Protecting my Mom – Part 3 – How Easy is it to Get Hacked?

Keeping our moms safe can be a daunting task.

Keeping our moms safe can be a daunting task.

In our first installment of “Protecting my Mom” we discussed some phone phishing attack that I was targeted for. This was followed by our second part where I found myself being attacked over a Wi-Fi network that was setup for the express purposes of compromising machines that roamed onto it. In this final installment, we take on the role of an attacker and are reminded of how easy it is to be hacked.

My challenge to myself was simple,  how fast could I target a machine and compromise it using off the shelf tools. My goal: 5 minutes from start to finish. How much time did I need? The stopwatch showed a mere 2 minutes and 13 seconds. Scared yet?  — After doing that I was. After being the target of a hack twice in the span of less than a week, I decided to go from being the “prey” to being the “hunter.” How hard is it to be hacked? And if I was hacked, how long does it take me to start grabbing data that I could use? Don’t worry, I’m doing this as a bit of a test and I’m using my own Virtual Machines, so I’m not turning my abilities on any other person, it’s more of a challenge to see how hard it is.

Protecting my Mom – New Generation of Attacks Threaten us All

Most days I sit comfortably at my desk behind multiple layers of defenses keeping myself and my machine from harm. I sip my coffee and don’t even think about defending threats from myself, instead most of my energy is focused on how do we push forward in our industry against those armies of darkness that seek to compromise our privacy, security and exploit information for their own cause. This week, was different. In three different cases, I found myself at the center of the attack. It was humbling, and at the same time reminded me of how much work we have to get done.

What scares me the most is the unsuspecting prey that countless hackers stalk?  I’m knowledgeable about what and how hackers try to exploit victims. But I worry about my friends and family members that don’t have that same savvy knowledge. I think about my Mom, using the internet for her banking and the occasional check of Facebook… little does she know she’s in the epicenter of the attacks.

So this Blog is the first of a series of three chronicling my last week. I want to share with you three attacks that happened to me in the hopes that it gives you a flavor for where attacks are coming from nowadays. No longer is it the rogue link to install software or the email bomb that just annoys you.  It’s a whole new world where callers, innocent internet checks, and group emails all lead towards exposure.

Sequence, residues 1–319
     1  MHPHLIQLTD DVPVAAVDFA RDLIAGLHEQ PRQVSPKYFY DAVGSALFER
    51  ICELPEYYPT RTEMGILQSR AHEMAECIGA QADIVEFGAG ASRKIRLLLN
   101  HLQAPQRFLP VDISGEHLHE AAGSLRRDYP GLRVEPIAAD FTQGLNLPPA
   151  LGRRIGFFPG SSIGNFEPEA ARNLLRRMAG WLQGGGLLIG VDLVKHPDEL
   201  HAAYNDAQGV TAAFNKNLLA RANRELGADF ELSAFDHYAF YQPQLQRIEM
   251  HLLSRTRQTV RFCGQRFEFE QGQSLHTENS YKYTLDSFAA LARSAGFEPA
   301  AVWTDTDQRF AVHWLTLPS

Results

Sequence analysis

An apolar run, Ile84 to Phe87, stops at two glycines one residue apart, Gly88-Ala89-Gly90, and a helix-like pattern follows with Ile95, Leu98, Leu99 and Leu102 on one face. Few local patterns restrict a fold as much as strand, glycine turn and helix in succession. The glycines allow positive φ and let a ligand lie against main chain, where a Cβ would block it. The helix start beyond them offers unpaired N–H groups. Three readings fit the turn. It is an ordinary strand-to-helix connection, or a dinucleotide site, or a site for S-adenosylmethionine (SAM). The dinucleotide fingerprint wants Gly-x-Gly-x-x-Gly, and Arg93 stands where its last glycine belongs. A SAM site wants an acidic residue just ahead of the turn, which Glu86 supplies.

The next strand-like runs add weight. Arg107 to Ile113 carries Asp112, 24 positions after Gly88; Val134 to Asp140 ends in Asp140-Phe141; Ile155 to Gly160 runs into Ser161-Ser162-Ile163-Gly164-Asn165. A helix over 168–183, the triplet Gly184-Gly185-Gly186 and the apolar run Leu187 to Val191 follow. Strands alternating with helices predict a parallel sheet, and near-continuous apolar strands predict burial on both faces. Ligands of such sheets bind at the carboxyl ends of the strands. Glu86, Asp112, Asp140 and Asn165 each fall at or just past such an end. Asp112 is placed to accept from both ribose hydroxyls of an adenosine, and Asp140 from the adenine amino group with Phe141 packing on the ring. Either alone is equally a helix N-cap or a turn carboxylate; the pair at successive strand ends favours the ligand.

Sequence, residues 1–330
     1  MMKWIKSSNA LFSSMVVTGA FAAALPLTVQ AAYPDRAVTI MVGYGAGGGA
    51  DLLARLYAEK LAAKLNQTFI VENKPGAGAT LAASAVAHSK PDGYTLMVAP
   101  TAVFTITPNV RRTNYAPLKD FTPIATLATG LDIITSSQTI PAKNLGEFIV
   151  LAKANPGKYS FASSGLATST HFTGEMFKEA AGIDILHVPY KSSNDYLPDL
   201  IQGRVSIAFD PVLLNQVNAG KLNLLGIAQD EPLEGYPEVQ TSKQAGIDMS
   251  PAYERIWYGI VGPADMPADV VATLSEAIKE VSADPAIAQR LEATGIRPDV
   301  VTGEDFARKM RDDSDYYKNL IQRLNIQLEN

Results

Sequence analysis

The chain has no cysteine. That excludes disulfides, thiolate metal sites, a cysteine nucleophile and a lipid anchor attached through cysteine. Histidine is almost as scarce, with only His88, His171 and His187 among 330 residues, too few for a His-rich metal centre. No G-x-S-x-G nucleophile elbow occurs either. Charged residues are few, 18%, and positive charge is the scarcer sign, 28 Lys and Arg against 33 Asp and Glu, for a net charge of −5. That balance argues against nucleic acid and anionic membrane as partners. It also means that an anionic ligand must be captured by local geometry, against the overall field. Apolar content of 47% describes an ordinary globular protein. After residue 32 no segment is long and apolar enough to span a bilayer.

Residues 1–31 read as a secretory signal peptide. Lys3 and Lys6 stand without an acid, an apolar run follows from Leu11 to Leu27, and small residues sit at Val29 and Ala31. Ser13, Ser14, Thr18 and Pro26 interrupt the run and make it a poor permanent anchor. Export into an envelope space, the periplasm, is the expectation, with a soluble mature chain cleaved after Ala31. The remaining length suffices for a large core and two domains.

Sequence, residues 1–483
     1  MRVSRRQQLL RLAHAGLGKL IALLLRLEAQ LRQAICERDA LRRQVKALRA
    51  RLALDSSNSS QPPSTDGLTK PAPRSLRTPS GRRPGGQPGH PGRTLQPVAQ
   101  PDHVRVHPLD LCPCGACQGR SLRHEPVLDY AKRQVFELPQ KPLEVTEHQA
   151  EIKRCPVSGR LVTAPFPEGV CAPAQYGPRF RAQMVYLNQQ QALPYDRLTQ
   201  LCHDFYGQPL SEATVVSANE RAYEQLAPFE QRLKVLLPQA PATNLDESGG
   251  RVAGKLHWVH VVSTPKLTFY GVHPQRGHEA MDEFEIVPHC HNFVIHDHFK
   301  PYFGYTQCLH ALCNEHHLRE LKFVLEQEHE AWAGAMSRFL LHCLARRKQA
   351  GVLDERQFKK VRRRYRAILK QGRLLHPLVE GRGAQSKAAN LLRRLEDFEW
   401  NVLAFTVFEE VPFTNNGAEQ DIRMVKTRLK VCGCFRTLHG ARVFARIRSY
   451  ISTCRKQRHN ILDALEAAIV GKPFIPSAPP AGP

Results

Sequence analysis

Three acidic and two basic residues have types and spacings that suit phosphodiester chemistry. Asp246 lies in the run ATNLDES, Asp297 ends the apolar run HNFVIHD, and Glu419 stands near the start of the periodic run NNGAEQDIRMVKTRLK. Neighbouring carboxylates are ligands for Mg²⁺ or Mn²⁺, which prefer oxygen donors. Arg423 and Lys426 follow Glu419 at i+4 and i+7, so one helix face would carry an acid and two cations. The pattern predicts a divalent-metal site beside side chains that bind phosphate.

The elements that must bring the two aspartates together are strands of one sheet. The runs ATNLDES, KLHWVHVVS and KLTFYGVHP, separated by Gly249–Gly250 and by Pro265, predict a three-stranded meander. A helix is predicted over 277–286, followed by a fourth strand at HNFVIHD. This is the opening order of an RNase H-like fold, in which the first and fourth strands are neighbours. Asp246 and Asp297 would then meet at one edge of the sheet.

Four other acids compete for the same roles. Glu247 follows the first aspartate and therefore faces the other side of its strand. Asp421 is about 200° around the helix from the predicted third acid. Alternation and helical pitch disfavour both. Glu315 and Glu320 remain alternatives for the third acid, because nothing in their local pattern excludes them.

MONDAY:  Attack 1 – “Windows Service Center”

Last Thursday, I ended up getting home a bit early from a week of travel.  It was about 4:00 p.m. in the afternoon and the house phone rang. It was just me and my kids at home. My kids range in age from seven to eleven and in most cases, it would have been them to answer the phone, but I happened to be there. I grabbed the phone, looked at the number and saw it was a originating from New York. With family on the East coast, I didn’t think twice about grabbing the phone. After five seconds with no one speaking, I should have just hung up, but I stuck this one out. Then it happened… the attempted hack started.

Access DeniedThe caller identified himself and began, “Hello this is XXXXXX from the Windows Service Center.”  Intrigued, I decided to let him continue. “We have detected you have a computer virus on your machine and we’re here to help fix it.” At this point, my hack-o-meter instantly was pegged and I knew this was a scam, but for fun, I decided to let this play out. I asked, “how do you know I have a virus?”  He responded, “because we have systems that detect these sort of things.”  I asked, “how do you know it is my machine?” He retorted, “because we in America spy on our citizens.”  I had to laugh at this one, to use that approach was fascinating, and more curiously, based on background noise, I firmly believe this call was not originating in the United States. Again, I pushed a little bit harder, “I have two machines in my house, which one is it?”  He then responded, “I’m sure it is all of them, so we’ll fix them both.

If memory serves me right, I was cutting some tops off of strawberry’s at this point in the kitchen and he asked me to go over to my computer. I told him I was in front of my computer at this point even though I was still cutting up strawberry’s. He started off by asking me to go to my control panel in Windows and told me that my Windows Firewall wasn’t active. WOW! I thought to myself, this is an impressive scam!  Sure enough he successfully told me what to click (if I actually was in front of the computer) to navigate to my windows firewall and then told me the instruction to disable it because “bad software had taken it over.” Pretending I did, we continued. I asked him, “Are we done now?”  To which he responded that he’d need access to my machine to make sure. I told him that I didn’t know how to do that and he asked me to go to some website by an IP address. Of course, at this point he began to see through my ruse. I told him I couldn’t get there but asked him what was there and he told me it was something “like a WebEx or online meeting” where he could control my machine.